In eighth grade I wrote in an essay that racial issues had been “fixed” in our society. That’s what the school system had taught me: in the 1950’s blacks were discriminated against, but now everyone was equal. Even in Boston, one of the most “progressive” cities, that is still far from the truth.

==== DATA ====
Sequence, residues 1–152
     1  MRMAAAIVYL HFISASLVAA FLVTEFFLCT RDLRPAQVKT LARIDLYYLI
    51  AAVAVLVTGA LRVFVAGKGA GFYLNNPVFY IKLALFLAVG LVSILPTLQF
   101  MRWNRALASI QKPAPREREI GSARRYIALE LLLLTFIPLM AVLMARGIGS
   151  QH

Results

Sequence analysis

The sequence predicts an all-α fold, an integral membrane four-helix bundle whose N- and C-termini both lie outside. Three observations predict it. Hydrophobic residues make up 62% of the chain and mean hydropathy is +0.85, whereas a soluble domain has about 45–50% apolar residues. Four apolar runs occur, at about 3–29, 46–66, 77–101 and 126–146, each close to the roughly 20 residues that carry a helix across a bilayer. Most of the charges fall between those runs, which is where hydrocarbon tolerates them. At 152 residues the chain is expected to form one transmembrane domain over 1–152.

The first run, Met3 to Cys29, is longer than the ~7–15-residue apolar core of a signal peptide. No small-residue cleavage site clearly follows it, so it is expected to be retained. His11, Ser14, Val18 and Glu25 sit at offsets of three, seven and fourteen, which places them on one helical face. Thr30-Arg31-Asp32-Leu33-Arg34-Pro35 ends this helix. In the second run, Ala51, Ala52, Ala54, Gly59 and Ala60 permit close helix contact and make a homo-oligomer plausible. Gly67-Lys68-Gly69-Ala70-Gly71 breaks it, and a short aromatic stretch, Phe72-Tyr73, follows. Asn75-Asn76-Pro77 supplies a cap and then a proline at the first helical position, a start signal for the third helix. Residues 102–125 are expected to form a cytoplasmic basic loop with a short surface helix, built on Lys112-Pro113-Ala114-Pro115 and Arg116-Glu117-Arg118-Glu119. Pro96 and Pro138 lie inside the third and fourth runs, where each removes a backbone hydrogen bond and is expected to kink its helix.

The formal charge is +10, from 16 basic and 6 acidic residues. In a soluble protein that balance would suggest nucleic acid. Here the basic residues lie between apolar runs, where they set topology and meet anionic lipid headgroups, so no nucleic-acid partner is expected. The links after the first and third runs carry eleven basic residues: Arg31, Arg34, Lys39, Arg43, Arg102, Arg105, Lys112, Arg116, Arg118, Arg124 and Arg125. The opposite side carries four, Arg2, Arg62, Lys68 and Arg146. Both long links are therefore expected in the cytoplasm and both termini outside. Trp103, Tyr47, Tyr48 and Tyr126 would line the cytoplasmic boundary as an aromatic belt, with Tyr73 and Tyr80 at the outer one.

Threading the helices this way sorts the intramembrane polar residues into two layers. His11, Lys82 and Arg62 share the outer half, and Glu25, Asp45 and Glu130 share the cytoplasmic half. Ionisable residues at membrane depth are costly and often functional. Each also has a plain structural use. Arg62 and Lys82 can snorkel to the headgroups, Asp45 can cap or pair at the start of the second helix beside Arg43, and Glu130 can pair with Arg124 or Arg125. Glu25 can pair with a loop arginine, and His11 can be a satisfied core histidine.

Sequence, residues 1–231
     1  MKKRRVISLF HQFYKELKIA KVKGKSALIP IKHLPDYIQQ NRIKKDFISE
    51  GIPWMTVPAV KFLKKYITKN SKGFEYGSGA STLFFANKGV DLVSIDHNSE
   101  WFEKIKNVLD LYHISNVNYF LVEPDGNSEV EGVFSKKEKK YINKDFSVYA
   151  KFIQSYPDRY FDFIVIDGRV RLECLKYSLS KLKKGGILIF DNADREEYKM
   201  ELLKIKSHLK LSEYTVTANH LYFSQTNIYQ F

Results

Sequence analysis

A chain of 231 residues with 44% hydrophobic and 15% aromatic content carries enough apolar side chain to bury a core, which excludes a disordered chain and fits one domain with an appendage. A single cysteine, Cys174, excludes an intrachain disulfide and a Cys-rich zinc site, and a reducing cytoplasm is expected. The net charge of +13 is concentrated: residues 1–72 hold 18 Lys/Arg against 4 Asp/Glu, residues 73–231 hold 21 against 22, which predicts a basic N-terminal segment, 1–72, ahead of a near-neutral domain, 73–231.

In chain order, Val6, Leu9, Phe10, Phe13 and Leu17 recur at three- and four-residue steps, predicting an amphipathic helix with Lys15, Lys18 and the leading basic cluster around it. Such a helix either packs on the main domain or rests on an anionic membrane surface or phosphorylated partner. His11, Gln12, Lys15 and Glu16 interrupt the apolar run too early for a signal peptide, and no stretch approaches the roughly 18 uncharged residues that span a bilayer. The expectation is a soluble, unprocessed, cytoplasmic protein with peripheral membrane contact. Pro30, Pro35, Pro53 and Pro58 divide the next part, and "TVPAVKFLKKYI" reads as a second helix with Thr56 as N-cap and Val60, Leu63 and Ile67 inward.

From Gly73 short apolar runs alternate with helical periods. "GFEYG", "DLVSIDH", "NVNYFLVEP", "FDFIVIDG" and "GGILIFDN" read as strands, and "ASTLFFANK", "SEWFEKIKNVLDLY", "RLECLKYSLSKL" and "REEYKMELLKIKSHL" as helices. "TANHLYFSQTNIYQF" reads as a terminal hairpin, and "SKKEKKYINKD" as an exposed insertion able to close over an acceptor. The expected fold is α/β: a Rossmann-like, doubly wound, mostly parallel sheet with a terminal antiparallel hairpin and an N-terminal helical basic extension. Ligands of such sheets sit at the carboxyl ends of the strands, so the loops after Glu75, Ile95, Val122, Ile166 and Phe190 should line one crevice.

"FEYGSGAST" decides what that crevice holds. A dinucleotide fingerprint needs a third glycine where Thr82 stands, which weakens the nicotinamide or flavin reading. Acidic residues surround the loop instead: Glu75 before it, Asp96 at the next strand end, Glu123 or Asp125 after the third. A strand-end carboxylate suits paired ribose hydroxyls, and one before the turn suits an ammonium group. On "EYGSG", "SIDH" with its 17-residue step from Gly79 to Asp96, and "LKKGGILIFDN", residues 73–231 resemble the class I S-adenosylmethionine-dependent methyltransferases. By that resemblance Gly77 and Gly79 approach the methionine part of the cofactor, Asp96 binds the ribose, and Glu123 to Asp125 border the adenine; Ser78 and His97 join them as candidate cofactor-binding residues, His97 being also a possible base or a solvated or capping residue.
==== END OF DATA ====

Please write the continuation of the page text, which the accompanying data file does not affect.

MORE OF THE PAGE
Both the North and the South are still racist, but what bothers me more about the North is that it has always denied its racism. I see through Boston’s facade in the little things that people do every day. One of the more obvious examples is that the majority of doctors, lawyers and businessmen are white or Asian, and the majority of service people are still black or hispanic, and most of the homeless people in the city are black. Privileged Bostonians try to hide the problem with affirmative action programs, but what most refuse to acknowledge is that, despite all their years of education, they are still scared of black people.
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